In the news this week, the latest round up
In the news this week, could there be a "Boris bounce" on property prices, the fears over end of Help to Buy Scheme and how the government is cracking down on inheritance tax.
July 24, 2019
Research suggests home owners do not know enough about mortgage protection – Property Wire
Property Wire has reported that over a third, some 34%, of home owners who didn’t use an adviser when they took out their mortgage ended up having no protection policy in place.
A further 5% didn’t know if they had a policy and only just over half had taken out life insurance, with thousands leaving their families facing financial difficulties if the worst were to happen.
The research, which included a survey of over 2,000 UK home owners, highlighted that many consumers are stepping onto and up the housing ladder without having a safety net in place should a long term sickness, critical illness or death of a loved one render them unable to meet monthly repayments on their mortgage.
Mounting calls for stamp duty overhaul as Johnson becomes PM – Mortgage Strategy
Mortgage Strategy reports that calls for an overhaul of the stamp duty system have been mounting today as Boris Johnson is confirmed as UK Prime Minister.
Johnson is believed to be considering scrapping stamp duty on homes up to £500,000 and halving the tax charged on homes over this threshold in a bid to stimulate the market.
The new Prime Minister is also thought to be planning to cut the rate for properties over £1.5m from 12 per cent to 7 per cent.
Industry experts have today intensified calls for the new Prime Minister to push ahead with his plans to revamp the tax as HM Revenue & Customs data shows residential property sales slumped 16.5 per cent to 84,444 in June compared to the same month last year.
House sales fall in June as a result of Brexit stall…but could there be a ‘Boris Bounce’? – The Express
According to the Express yesterday the latest figures suggest that the number of residential property sales completed in June dropped by a considerable 9.6 per cent on the previous month, and a significant 16.5 per cent on the same time last year.
But could new PM Boris Johnson turn the fortunes of the UK property market around in time for a late summer surge?
The data, released by HMRC yesterday, suggests that completed transaction levels dropped off considerably over the last month, despite lending figures recently suggesting that the number of mortgage approvals for property purchases remained steady. This has led some in the industry to suggest that buyers who are purchasing without a mortgage, potentially those downsizing, for example, decided to put a hold on their plans after the delay of the UK’s withdrawal from the EU was announced in March.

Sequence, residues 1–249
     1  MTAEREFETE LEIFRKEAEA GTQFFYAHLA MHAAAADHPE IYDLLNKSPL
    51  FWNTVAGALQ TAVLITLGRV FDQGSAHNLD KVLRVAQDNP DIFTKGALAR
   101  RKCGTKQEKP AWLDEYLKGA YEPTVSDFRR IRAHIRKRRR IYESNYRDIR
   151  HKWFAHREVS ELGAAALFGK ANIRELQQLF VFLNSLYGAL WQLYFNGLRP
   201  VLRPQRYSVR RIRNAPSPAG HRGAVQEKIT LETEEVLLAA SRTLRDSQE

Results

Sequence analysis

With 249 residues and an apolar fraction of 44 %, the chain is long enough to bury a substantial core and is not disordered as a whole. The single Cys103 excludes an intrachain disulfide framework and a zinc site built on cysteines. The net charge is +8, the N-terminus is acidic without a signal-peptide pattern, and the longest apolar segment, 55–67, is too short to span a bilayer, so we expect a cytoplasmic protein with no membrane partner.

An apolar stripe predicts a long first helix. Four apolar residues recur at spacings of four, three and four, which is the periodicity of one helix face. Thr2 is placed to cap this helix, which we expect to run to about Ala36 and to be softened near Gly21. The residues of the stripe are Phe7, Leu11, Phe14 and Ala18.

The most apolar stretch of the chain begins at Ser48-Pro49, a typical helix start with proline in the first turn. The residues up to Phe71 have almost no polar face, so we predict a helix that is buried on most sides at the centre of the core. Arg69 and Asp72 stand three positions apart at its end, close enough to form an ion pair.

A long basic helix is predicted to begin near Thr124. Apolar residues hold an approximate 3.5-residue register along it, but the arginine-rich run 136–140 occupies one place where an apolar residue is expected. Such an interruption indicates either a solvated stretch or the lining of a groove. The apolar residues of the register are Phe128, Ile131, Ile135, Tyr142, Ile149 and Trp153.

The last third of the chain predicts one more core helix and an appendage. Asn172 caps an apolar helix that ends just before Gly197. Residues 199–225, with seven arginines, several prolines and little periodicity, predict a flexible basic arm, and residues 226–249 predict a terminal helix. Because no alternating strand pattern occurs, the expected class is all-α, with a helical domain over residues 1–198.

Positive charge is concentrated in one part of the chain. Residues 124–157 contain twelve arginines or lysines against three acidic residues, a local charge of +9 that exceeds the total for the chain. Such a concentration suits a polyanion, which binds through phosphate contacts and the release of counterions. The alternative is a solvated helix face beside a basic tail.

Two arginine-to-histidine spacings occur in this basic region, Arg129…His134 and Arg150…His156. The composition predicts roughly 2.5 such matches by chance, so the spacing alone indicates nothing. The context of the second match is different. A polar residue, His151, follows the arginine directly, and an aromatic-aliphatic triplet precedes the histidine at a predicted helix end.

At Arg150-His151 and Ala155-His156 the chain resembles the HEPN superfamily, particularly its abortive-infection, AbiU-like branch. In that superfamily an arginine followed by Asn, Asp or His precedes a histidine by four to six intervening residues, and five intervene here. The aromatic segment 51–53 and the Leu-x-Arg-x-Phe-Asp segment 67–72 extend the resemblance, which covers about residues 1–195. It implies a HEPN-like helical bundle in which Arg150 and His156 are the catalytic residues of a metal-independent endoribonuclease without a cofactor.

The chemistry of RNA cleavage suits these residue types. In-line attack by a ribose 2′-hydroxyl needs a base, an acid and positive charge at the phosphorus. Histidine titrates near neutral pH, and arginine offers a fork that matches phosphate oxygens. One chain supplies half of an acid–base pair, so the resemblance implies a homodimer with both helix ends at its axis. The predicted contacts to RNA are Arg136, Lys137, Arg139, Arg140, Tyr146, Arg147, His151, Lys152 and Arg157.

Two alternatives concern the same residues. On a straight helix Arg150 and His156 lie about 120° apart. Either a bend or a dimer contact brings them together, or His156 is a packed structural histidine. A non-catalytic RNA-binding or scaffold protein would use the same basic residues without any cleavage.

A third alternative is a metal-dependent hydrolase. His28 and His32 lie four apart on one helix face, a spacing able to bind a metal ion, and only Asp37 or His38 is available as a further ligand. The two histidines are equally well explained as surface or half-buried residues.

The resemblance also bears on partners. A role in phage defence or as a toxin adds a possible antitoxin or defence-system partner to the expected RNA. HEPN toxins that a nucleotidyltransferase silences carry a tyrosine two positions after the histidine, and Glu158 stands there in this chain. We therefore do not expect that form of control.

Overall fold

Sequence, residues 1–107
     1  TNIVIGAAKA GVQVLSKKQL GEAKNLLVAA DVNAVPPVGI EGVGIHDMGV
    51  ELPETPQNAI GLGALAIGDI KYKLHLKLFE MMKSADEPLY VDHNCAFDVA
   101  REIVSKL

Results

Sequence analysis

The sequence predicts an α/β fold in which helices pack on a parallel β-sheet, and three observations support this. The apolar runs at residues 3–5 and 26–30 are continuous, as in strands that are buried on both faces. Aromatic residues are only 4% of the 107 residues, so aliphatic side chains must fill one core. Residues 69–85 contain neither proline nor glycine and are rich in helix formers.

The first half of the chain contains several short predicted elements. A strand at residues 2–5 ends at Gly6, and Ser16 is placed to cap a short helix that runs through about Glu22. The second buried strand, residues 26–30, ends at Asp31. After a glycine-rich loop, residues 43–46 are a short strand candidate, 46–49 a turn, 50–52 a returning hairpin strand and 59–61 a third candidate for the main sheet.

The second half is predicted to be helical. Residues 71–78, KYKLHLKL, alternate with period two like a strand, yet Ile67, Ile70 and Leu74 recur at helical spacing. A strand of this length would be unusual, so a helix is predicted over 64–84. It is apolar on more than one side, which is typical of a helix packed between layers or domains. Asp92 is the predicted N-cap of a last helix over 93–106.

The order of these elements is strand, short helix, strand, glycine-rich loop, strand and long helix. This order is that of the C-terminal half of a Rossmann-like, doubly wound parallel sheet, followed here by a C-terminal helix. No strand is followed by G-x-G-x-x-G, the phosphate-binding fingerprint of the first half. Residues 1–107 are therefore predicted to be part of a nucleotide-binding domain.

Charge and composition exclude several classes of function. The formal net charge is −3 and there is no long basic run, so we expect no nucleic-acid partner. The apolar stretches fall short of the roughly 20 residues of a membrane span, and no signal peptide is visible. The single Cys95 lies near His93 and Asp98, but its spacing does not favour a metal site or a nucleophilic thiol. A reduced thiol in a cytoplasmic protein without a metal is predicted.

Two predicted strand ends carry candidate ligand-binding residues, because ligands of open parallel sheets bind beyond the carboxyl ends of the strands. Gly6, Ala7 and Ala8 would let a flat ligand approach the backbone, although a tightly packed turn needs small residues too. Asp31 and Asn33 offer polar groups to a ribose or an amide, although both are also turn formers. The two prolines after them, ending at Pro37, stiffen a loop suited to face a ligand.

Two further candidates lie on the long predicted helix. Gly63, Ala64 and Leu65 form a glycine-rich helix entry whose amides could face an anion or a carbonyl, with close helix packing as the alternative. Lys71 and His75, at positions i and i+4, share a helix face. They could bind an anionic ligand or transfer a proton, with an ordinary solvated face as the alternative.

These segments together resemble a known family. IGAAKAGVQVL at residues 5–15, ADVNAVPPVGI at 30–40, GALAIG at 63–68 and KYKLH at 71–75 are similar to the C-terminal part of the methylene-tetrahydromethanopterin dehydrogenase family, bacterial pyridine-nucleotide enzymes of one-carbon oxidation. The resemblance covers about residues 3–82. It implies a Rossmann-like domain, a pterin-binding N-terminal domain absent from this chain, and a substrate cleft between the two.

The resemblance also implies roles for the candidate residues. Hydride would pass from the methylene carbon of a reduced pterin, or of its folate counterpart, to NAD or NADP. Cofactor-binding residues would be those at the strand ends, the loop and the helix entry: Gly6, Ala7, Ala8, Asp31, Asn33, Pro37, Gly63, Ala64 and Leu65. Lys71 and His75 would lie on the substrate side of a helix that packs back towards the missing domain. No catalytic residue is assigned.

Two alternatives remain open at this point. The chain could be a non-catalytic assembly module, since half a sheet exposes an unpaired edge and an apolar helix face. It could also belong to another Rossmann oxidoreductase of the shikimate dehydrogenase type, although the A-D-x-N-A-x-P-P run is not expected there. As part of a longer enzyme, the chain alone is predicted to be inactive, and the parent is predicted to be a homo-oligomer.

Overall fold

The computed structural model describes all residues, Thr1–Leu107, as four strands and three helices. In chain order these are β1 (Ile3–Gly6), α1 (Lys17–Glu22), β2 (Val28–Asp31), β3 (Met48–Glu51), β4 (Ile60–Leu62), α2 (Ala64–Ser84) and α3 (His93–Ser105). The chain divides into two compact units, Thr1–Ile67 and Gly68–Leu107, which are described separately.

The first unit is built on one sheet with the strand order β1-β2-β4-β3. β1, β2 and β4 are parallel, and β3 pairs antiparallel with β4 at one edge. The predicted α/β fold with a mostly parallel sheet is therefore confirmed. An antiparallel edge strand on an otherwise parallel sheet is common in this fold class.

Inheritance tax crackdown as HMRC investigates one in four claims – The Telegraph
The Telegraph claims this week that Innocent taxpayers could be caught out by an inheritance tax (IHT) crackdown after it emerged HM Revenue & Customs investigates one in four estates for suspected avoidance every year.
More than 20,000 estates typically fall into the IHT net each year, losing out £5.4bn to the taxman in 2018-19 alone. Of these, 5,000-plus are investigated by HMRC, a freedom of information request has revealed.
Last year 22,000 estates paid the death tax. More than 5,530 of these were investigated. Innocent taxpayers could easily find themselves subjected to an HMRC probe due to an increasingly complex tax system that is universally disliked and widely misunderstood, experts have said.
Fears over slowdown when Help to Buy ends – The Times
Fears that the end of the government’s Help to Buy scheme will cause a slowdown in the housing market in parts of the country have led to calls for the next prime minister to extend it.
The equity loan scheme, which is due to end in March 2023, has accounted for more than 80 per cent of home sales in the past 18 months in 22 local authorities, according to Cushman & Wakefield, a property advisory firm. Oxford is the most dependent, followed by Gravesham in Kent, Warrington in Cheshire and Waltham Forest in northeast London, the firm found.
From April 2021, Help to Buy will be restricted to first-time buyers and regional price caps will be imposed. Cushman & Wakefield said this could hamper the market in some areas.
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